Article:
I grumble like many others about household chores, like dish washing, but those dirty dishes mean we ate. Or the laundry, but those dirty clothes mean we have plenty of clothing. Bill paying, but those utility bills mean we have a roof over our heads. It’s all a matter of perspective. Some days, it’s harder to frame those things positively. But I’m working on it.

This week, I am thankful for my family and the dinner we’ll share on Thursday. I will be thankful for Thanksgiving dinners past, spent with extended family I don’t see much anymore, or who are no longer with us–I am thankful we had time together when they were still here.

I am thankful for the season’s first snowfall earlier today, even though the sun came out and melted all of it away–I got to watch it come down, big, fat, wet snowflakes that piled up quickly and made the neighborhood look like winter, just for a little while. I’m thankful I get to write the stories I love, for my friends who also write and get me.

I can keep going, but I’ll stop here. I have a little story snippet to share with you, from my fourth shifter story.

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Laney looked like she might cry.

Anton tamped down the urge to smile.

“Oh,” she said after a few seconds, “you really shouldn’t have, Lareina.”

“Nonsense.” His aunt hugged her tight with one arm. “You’re family now. And they’ll look much better on you than sitting in a locked box.”

Laney’s gaze flicked to his, and he grinned at her.

“Put them on, dear.” His aunt winked at him. “Let’s see.”

Reluctantly, Laney took the earrings out of the box and fumbled them on.

“Perfect,” Lareina said firmly.

Laney murmured another thank-you, but he’d bet she was wishing for a way out.

“And they’ll go with Mom’s necklace,” he said helpfully.

Laney shot him a drop-dead look, which he ignored, crossing to sit on the arm of the loveseat beside her. He brushed her hair back to see the platinum and emerald dangling from her ear. “Very pretty.” He leaned down and feathered a kiss at her temple.

Exhaling a long breath, she turned to his aunt. “They’re lovely.”

Anton rubbed his hand in a small circle between her shoulder blades, feeling a little of the tension ease.

His aunt patted her knee. “Why don’t I refill your glass? I need to check the bread anyway.”

He waited until Lareina had bustled away with Laney’s half-empty wineglass, then he claimed the spot beside his mate. “What’s wrong?”

She met his gaze, then dropped her gaze after a moment. “It’s too much.”

He dragged in a slow breath. “It’s family.”

She swallowed. “But I’m–”

“My mate,” he said firmly, and her gaze snapped back up to his.

She clamped her teeth on her lower lip.

Anton set one hand at the back of her neck and leaned closer. “Merry Christmas, Laney,” he whispered.

She shut her eyes, but not before he caught a glimpse of tears.

Anton kissed her lightly, wondering if she would kiss him back. She did, but only for a moment then leaned away, blushing. He touched her jaw, holding her shiny gaze. “You okay?”

She nodded once, swallowing.

“It’s a lot,” he mused, “all of them.”

Laney shrugged, looking away. “Not so bad. There was always a houseful when I was at home.”

Of course. “How did you spend the last two Christmases?”

She nibbled at her lower lip for a second. “I worked the first one, and last year I spent the day at a homeless shelter, serving dinner. Less lonely, plus I got to remind myself things really weren’t so bad for me.” She shrugged once more.

Anton wished again that he’d done more damage to Shepley the other night. He wrapped one arm around her shoulders and pulled her closer.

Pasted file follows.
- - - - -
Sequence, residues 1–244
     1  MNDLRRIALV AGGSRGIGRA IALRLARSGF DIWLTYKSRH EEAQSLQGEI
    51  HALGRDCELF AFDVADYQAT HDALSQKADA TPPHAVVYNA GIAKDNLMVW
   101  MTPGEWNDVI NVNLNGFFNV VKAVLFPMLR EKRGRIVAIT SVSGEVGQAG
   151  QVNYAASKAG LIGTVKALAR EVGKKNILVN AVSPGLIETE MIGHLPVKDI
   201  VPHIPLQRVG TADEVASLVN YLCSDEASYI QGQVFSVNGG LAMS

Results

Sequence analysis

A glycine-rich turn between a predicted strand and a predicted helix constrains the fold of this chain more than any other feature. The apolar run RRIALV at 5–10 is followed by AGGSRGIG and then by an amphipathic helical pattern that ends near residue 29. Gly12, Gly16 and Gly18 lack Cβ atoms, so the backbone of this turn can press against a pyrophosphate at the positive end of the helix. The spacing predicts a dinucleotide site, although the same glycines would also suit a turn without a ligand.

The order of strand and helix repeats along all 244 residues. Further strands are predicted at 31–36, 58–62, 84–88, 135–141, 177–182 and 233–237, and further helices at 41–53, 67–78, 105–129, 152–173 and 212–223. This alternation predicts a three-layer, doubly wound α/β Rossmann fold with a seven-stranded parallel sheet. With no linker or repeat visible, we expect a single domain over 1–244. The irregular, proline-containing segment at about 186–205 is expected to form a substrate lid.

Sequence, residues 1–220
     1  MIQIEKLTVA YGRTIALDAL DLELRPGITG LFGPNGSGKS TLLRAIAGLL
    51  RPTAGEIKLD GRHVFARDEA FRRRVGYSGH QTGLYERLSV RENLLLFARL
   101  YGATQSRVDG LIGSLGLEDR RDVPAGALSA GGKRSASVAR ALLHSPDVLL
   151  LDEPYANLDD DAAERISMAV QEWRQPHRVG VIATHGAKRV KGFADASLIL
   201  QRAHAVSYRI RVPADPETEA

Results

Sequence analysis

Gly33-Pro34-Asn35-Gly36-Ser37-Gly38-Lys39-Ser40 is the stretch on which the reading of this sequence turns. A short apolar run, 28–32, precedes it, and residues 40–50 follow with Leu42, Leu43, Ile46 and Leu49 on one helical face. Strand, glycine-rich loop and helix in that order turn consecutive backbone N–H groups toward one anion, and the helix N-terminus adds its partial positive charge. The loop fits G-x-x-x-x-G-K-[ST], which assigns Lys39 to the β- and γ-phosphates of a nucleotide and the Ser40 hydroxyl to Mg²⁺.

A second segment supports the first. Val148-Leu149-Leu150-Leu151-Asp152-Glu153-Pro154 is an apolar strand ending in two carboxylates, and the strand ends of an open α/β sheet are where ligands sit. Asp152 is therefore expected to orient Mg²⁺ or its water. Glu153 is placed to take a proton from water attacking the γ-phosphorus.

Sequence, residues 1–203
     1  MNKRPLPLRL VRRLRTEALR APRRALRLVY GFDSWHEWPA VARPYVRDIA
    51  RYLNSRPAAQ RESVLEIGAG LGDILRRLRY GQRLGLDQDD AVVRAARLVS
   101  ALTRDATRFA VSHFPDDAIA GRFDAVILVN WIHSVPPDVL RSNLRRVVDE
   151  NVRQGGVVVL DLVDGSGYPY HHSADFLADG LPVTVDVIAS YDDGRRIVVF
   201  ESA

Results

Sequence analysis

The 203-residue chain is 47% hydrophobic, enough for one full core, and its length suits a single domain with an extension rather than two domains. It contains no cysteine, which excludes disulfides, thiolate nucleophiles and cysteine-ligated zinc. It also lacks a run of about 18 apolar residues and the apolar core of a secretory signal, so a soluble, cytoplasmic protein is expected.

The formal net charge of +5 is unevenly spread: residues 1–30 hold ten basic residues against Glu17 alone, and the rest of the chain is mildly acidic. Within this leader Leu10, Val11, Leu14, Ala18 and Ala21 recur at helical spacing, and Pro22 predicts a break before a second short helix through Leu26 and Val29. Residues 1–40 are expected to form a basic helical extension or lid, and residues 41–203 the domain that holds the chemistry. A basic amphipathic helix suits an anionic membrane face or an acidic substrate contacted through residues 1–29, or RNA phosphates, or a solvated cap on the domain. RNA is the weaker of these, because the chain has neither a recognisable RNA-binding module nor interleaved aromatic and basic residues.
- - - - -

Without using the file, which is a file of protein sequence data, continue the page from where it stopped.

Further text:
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Now I’m going to go find something for dinner that doesn’t involve leftovers to take up space in the refrigerator (the turkey is taking up a lot of space there right now), and then I’m going back to my revisions.

What are you thankful for this Thanksgiving week? I would love to know!

 

( reading book by fireplace – Depositphotos )

It’s November, and it finally feels like fall here. We had a couple nights in a row now with temps around freezing. I was happy to set the clocks back last night, not just for regaining the hour we lost in the spring, but because it wasn’t dark when I got up this morning. I love fall, but I absolutely hate getting up in the dark. I know other people hate that it’s dark earlier in the evening, but I don’t care about that. I find it exceedingly hard to get up in the dark. At the end of the work day, I don’t care if the sun’s already set: the day is over. Getting moving in the dark is a much bigger challenge.

November is also National Novel Writing Month. I can’t join in NaNo this year–we have our busiest week of the year coming up in two weeks, and I’ll be lucky to see daylight at all that week–but I know a lot of other people are already hard at work on their new books. Best of luck getting your 50,000 words written in the next twenty-seven days!

My goals for the month are not that grand. I am aiming to get through the busy weeks at the day-job, get this novella formatted, and manage all the normal day-to-day tasks, plus we have Thanksgiving coming up at the end of the month, which means I need to figure out the menu. That alone is a pretty big task. Yes, we have some of the same things every year–the turkey, the stuffing (which means making the bread for the stuffing first), the mashed potatoes and gravy, the corn pudding, the cranberry relish–but dessert is usually something different from year to year, and since I no longer eat any meat besides fish, I have to decide if I want some protein on my own plate, or if I’ll just enjoy all the sides. I’m leaning toward that right now, but I’m not positive yet. It’s too early. The past couple of years, I’ve taken off the day before Thanksgiving, so I can get some prep work done, which is a huge help. I can get cranberry relish and dessert out of the way, plus if we are having another bread or rolls with our meal, I can take care of that, too. My aim this year is to spend a lot less time in the kitchen on Thanksgiving. It’s annoying to spend the entire holiday working in the kitchen, so I have to work out my game plan ahead of time–can I do some more prep on the weekend prior? Probably. I just have to figure out what.